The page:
Irritable Bowel Syndrome
What causes IBS
The cause if IBS is not known. In about 25% of cases, IBS start soon after an attack of gastroenteritis (diarrhoea). Perhaps toxins released during the infection may damage nerves which in turn cause abnormal muscular contraction of the bowel.
It appears as though individuals with IBS are sensitive to bowel distension. Medical research emphasizes the complicated brain/bowel interaction. Many nerve to muscle messages in the bowel are similar to those in the brain and reactions can be triggered by emotion. This is why people may get diarrhoea when nervous.
Some people may be sensitive to certain foods but IBS appears unlikely to be directly related to a particular food.
Who gets IBS?
IBS is the most common disorder of the digestive tract and may affect 30% of the population at some time in their life. It can occur at any age but is most common between 20 and 60 years, symptoms usually start before 40. Females are affected more often than males. Symptoms may be worse around menstruation or at times of stress.
How is IBS diagnosed?
IBS does not reduce life expectancy. However, quality of life may be significantly affected. There is no specific test. Your doctor can usually suspect IBS fro the pattern of symptoms although it is often necessary for a doctor to exclude other conditions with similar symptoms.
This may well involve colonoscopy (examination of the large bowel under sedation using a thin flexible lighted instrument) and at times endoscopy.
Colonoscopy is essential if:
- You have/had bowel cancer or polyps
- You are over 40 years of age
- You have a family history of bowel cancer or polyps
- You have bleeding from the bowel
- You have persistent diarrhoea
- You are anaemic
Rectal bleeding is not due to IBS and requires colonoscopy. Please see your doctor.
What to do about IBS?
Once your doctor has excluded other conditions, a variety of therapies may be of value.
- Many people are worried that their symptoms may be due to cancer. Improvement may not occur until you are confident that serious diseases have been excluded. Talk openly to your doctor.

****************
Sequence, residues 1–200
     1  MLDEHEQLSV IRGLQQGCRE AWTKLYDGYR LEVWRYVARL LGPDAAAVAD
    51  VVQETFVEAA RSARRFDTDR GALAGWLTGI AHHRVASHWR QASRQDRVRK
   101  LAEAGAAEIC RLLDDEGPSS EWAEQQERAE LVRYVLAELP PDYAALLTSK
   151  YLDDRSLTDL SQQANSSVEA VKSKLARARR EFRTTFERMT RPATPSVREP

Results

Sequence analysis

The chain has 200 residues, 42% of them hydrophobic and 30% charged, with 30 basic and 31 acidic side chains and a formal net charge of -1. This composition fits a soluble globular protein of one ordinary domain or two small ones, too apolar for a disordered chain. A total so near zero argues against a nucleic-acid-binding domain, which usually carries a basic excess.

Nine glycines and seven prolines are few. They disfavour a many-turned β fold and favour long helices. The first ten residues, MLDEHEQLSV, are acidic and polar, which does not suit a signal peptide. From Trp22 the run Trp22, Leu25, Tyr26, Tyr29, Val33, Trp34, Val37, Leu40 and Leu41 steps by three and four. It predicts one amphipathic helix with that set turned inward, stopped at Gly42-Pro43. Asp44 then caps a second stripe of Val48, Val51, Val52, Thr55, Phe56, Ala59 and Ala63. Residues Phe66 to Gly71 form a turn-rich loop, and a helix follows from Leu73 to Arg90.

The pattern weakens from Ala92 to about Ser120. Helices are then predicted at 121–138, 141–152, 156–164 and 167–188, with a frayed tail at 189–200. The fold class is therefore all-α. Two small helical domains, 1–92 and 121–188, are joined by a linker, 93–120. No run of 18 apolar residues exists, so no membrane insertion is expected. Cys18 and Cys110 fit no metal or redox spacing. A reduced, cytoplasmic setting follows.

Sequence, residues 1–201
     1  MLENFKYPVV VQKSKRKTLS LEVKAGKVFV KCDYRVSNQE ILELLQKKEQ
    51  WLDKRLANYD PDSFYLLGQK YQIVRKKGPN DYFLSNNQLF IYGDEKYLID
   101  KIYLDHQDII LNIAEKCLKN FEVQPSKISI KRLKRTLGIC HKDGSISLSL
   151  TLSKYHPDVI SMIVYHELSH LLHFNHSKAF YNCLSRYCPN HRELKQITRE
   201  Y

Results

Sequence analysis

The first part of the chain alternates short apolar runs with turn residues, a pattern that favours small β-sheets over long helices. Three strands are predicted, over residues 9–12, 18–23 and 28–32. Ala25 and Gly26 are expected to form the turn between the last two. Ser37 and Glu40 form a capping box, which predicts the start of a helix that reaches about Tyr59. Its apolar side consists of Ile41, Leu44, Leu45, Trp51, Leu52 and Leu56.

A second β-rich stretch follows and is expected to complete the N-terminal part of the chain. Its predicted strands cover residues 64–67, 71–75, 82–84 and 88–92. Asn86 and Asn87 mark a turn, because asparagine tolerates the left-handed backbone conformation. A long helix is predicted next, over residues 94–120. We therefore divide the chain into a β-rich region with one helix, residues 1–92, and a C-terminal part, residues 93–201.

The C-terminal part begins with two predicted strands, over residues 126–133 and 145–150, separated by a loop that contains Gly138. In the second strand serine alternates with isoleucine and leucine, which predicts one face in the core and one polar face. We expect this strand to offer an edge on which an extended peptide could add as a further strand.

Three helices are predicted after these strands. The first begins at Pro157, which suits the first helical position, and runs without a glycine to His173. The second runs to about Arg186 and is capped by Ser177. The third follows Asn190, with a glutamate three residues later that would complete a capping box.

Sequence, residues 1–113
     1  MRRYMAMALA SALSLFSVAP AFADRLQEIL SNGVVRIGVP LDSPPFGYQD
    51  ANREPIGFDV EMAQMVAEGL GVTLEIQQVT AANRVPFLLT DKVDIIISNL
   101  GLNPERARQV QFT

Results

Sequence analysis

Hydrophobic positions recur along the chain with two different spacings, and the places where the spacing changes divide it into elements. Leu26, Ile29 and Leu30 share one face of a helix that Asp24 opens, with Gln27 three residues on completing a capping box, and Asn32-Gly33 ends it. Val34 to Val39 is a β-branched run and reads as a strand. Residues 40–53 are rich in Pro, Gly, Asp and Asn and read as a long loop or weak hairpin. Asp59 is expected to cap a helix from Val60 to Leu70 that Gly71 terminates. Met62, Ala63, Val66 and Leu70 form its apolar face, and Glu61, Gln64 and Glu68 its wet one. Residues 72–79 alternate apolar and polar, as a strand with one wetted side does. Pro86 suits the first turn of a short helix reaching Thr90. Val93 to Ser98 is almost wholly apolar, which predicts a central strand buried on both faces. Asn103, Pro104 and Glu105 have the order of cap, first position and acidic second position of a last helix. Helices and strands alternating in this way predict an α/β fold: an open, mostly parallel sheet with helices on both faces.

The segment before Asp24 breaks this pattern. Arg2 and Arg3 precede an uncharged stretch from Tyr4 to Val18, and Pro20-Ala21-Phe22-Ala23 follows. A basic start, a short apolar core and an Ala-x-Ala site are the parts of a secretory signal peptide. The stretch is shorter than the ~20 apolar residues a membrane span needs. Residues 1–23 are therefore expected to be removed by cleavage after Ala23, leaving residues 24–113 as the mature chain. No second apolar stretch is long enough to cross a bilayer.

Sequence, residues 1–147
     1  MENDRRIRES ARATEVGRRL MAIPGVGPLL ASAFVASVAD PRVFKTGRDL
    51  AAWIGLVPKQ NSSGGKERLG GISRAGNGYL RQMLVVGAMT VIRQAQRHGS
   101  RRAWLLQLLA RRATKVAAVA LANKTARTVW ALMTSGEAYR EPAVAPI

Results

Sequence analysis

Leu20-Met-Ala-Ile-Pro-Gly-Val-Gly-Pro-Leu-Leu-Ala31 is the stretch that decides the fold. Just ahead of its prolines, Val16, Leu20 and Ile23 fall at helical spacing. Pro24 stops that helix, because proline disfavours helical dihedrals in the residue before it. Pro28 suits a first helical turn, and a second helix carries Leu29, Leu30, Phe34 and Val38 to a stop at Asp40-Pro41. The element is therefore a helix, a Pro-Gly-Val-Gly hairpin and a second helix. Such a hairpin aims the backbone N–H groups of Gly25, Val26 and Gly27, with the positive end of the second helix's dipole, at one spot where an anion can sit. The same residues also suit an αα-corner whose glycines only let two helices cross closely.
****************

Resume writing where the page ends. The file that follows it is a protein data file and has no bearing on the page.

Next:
- Lifestyle and diet may aggravate your symptoms. Are your symptoms worse with stress? Do you drink too much alcohol? Are your symptoms worse after milk (lactose intolerance)?
- Are you taking medication which might aggravate diarrhoea? (eg antibiotics, antacids, laxatives, some tablets for blood pressure).
- Are you taking medication which might aggravate constipation? (eg antidepressants, iron tablets, pain killers, tranquillizers, some tablets for blood pressure).
- A good healthy diet is essential for all. Eat more fruit, vegetables, breads and cereals (preferably wholegrain). Eat moderately – lean meat, chicken, fish, milk, cheese, yoghurt, eggs. Eat least – fatty, salty and sugary food.
- Dietary fibre. A high fibre diet helps most people with IBS. (See Gut Foundation leaflet on dietary fibre and health www.gutfoundation.com)
Irritable Bowel syndrome (IBS) is a collection of symptoms which doctors link together into one disorder.
These symptoms may be abdominal pain, diarrhoea, gas (wind), variable bowel habit, bloating or urgency to empty the bowel.
What are the symptoms?
Symptoms of IBS vary from person to person and come and go with attacks lasting hours, days or weeks.
- Abdominal pain is usually in the lower abdomen often worse in the morning and relieved by having a bowel movement or passing wind
- Bloating or a feeling of fullness
- Offensive wind is common
- Erratic bowel movements
High fibre foods include:
- Wholemeal bread
- Wholegrain cereals
- Legumes (beans, peas and lentils)
- Fruits (but not juice)
- Nuts and seeds
- Vegetables (cooked vegetables often have more fibre than salads)
Windy foods include:
- Lactose in milk
- Cabbage, Brussels sprouts and cauliflower
- Legumes (beans and peas)
- Sorbitol and mannitol (in some low kilojoule foods)
As well as adequate intake of dietary fibre a bulking agent may be helpful. Convenient bulking agents include Psyllium, Metamucil, Agiofibe, Normafibe and Alvercol.
Meberverine (eg, Colofac) is an anti-spasm medication often highly effective in relieving pain and urgency. It must be take on a long-term basis. Some antidepressants (tricyclic compounds such as Tryptanol or Amitriptyline) have a separate effect on nerves and muscles in the bowel and bladder and are often helpful in relieving pain.
Use only if Meberverine has failed. Zelmac is occasionally useful in constipation-predominant IBS I females. If the predominant problem is watery diarrhoea, anti-diarrhoeal agents such as Imodium or Lomotil are often useful. Laxatives are rarely useful for Irritable Bowel Syndrome. A high fibre diet and bulking agents may be useful even when diarrhoea is a problem.